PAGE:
Audio of swearing protesters added to video of Keir Starmer at polling station

3 May 2024
What was claimed

A video published by the Independent shows people chanting “f*** Keir Starmer” as the Labour leader and his wife left a polling station on 2 May.

Our verdict

False. The audio of people chanting has been edited into the clip—the original Independent video did not include this audio or subtitles reporting any such chants.

A video showing Sir Keir Starmer and his wife, Victoria Starmer, leaving a polling station has been shared on social media with fake audio and edited subtitles. 

In the clip, which has a logo for the Independent, people out of the shot appear to be chanting “f*** Keir Starmer” as the Labour leader and his wife exit the polling station. Overlaid subtitles say: “Protestors shout ‘F**k Keir Starmer’ as he votes in local and mayoral election”. 

It has been shared on both X (formerly Twitter) and Facebook with captions suggesting it is genuine footage, including “doesn’t quite have the same ring to it as ‘Ooooh Jeremy Corbyn’”.

Elections for local councillors, mayors, and police and crime commissioners took place in parts of England and Wales on 2 May 2024, including in London where Mr Starmer lives.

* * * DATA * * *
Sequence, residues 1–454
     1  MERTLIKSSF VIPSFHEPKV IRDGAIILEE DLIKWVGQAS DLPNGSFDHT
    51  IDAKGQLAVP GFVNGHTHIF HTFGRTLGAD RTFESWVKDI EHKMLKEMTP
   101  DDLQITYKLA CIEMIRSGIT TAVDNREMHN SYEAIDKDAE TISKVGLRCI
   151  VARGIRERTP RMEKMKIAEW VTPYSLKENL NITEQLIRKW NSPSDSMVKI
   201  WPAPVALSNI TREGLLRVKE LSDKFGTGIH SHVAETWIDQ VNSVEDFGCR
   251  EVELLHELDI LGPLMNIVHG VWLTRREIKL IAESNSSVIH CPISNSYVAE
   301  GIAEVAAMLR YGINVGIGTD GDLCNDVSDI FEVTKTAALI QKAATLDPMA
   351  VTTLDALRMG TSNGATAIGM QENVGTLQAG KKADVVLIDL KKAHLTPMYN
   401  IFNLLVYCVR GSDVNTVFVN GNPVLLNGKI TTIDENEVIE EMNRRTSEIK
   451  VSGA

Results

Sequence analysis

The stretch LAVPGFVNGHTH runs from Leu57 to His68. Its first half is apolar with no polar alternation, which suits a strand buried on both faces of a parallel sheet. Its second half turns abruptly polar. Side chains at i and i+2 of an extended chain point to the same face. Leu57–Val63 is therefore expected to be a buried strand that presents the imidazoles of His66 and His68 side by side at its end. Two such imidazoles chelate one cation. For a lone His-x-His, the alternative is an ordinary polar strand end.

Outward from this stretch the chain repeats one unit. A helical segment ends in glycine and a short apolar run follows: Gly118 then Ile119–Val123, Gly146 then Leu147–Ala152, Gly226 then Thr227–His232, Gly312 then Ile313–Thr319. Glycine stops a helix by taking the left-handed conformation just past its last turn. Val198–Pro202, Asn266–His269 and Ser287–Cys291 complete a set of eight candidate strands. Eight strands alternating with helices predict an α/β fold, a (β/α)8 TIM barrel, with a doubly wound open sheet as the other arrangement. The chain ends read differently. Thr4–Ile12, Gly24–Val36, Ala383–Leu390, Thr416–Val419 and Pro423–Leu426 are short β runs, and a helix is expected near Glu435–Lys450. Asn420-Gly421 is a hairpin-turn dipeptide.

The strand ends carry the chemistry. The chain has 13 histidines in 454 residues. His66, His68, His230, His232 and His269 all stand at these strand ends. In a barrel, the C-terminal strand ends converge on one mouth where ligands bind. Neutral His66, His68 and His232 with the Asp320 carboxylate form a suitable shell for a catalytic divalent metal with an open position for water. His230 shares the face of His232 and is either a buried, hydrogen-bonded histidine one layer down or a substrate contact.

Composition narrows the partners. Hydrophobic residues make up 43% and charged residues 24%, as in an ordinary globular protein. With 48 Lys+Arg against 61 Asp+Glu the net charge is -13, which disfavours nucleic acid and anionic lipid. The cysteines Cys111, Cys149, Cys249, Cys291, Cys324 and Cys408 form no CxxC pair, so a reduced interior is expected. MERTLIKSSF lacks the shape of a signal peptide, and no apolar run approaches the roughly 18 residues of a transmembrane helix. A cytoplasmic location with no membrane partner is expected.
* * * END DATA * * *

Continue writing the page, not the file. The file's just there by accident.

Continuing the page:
However, there is no such chanting in the real video published by the Independent on its website and YouTube channel. This longer version shows the couple arriving and leaving the polling station with the sound of cameras taking photos and a few shouts of “Sir”, apparently from the photographers, towards the end of the footage.

A caption at the start of the clip from the Independent says: “Keir Starmer votes in local and London Mayoral election”, but there’s no mention of protesters shouting. 

This is not the first time Mr Starmer has been the subject of manipulated content creating a false impression of events. We’ve previously written about a video edited to make him appear confused in response to a question about Brexit, a deepfake video seemingly showing him promote an investment scheme, an unevidenced audio clip supposedly recording him swearing at his staff and a photo edited to make it look like he was sitting with Jimmy Saville rather than Gordon Brown.

It’s important to consider whether something shows what it claims to before sharing it online—our guide on spotting misleading videos should help you to do this.

Image courtesy of Rwendland

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